“I wanted to look good,” Slade said. “I wanted to look like the other kids. But I started realizing that I was getting stared at. It definitely made me unhappy and sad, and there were times I couldn’t even talk to my parents about it, because I didn’t want to burden them about how I was feeling. And that made it worse for me. There was a lot of added stress.”
Until he was about high school age, Slade said, he was unsure how to work his way through those emotional land mines.
He admitted to bouts of self pity – even once he reached high school – but gradually, he adapted. Every so often in Nick’s youth, his father said, he’d ask his son if he wanted to wear a prosthesis. He tried it briefly as a young boy, but it didn’t last.
“He wore that for about a week and decided he didn’t want that,” Grant Slade said. “We put it in the closet and we never saw it again. Every once in a while, I would ask him, ‘Would you like to try it again?’ And he’d say ‘No.’ ”
Several years ago, Slade finally did consent, and now wears a prosthesis.
During his varsity years at the Academy, Slade was one of the metro’s elite athletes. If there was any emotional duress because of his disability, he apparently never let it show.
“He really has the coolest, calmest disposition,” said Laney Kolek, Slade’s head coach with the Academy boys soccer team, where Slade played forward. “He’s just such a relaxed guy. But when it comes time to perform, he’s able to turn it up to a whole different level.”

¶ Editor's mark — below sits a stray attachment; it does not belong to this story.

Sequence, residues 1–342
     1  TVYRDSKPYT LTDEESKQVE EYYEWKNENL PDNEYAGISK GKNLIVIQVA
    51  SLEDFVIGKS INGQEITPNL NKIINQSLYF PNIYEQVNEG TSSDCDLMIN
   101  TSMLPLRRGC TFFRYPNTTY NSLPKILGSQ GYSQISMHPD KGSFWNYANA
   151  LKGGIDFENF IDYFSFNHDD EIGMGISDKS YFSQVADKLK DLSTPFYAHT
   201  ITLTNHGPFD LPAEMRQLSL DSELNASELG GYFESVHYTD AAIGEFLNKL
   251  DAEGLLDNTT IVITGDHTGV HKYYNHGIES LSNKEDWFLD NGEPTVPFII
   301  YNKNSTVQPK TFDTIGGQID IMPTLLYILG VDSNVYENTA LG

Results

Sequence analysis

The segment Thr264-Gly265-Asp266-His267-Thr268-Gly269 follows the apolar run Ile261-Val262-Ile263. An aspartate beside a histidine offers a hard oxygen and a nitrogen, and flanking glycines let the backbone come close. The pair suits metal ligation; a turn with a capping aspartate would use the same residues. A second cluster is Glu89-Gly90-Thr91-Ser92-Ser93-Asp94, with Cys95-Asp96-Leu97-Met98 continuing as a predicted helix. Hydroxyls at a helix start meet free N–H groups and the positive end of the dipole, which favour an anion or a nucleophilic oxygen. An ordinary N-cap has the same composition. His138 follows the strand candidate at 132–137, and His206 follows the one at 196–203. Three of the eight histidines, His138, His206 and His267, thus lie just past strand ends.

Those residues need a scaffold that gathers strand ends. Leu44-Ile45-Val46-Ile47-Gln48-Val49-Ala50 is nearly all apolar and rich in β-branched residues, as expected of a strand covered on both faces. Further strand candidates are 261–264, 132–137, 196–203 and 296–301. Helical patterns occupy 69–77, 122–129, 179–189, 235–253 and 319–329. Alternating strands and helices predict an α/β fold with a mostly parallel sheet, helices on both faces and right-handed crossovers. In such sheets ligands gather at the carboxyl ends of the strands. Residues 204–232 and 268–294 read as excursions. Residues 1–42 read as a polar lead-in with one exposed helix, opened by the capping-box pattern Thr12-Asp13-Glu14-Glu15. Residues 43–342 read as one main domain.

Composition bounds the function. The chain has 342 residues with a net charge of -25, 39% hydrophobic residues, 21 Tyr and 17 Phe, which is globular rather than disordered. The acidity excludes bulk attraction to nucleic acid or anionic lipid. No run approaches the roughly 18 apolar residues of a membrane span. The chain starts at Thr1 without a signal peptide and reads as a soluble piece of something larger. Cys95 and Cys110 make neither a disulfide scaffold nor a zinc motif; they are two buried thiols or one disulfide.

One of the more surreal aspects to the Paralympic process, Slade said, was being outfitted – including a fitting with Ralph Lauren gear.
“I got a watch from Omega that’s worth more than any amount of money I’ve ever had in my life,” he said with awe.
As he enjoys his first weekend in Brazil, he’s got nearly a week and a half before he competes, and hopes to reach the medals podium in Rio.
“I’ll be unhappy if I don’t beat my PR,” he said, even as he admitted to already battling some nerves. “But I’m also very excited and anxious. I wish (I didn’t have to wait) that long. I’m dying to get it over with.”
Kedge said given that Slade produced a huge jump in Chicago with minimal advance training, Slade is capable of adding anywhere between 8 inches to a foot to that mark. And who knows, Slade might even get a shot to compete with the Lobos somewhere down the road. He served as Academy’s hurdles coach last season.
“I’m totally expecting his best jump that I’ve ever seen out of him,” Kedge said.
Against the carnival backdrop of Rio, Slade said he has no plans to stray too far from the village. He is, after all, still a UNM student with classroom obligations. This is, for practical purposes, a working vacation.
“We’ve been told to just focus on our competition,” he said. “I don’t think I’ll do a lot of sightseeing. I’m still in college. I’ll be doing my homework.”
He might change his outlook based on this report from his father on Friday: “He said it was hot and sticky,” Grant Slade said. He added with a laugh, “And that the Olympic Village smells.”
But considering where he was just a few months ago, Slade is filled with all manners of gratitude.
“This has been such an uplifting experience,” he said. “And I feel so much better about my self image and my future and where I’m at right now.”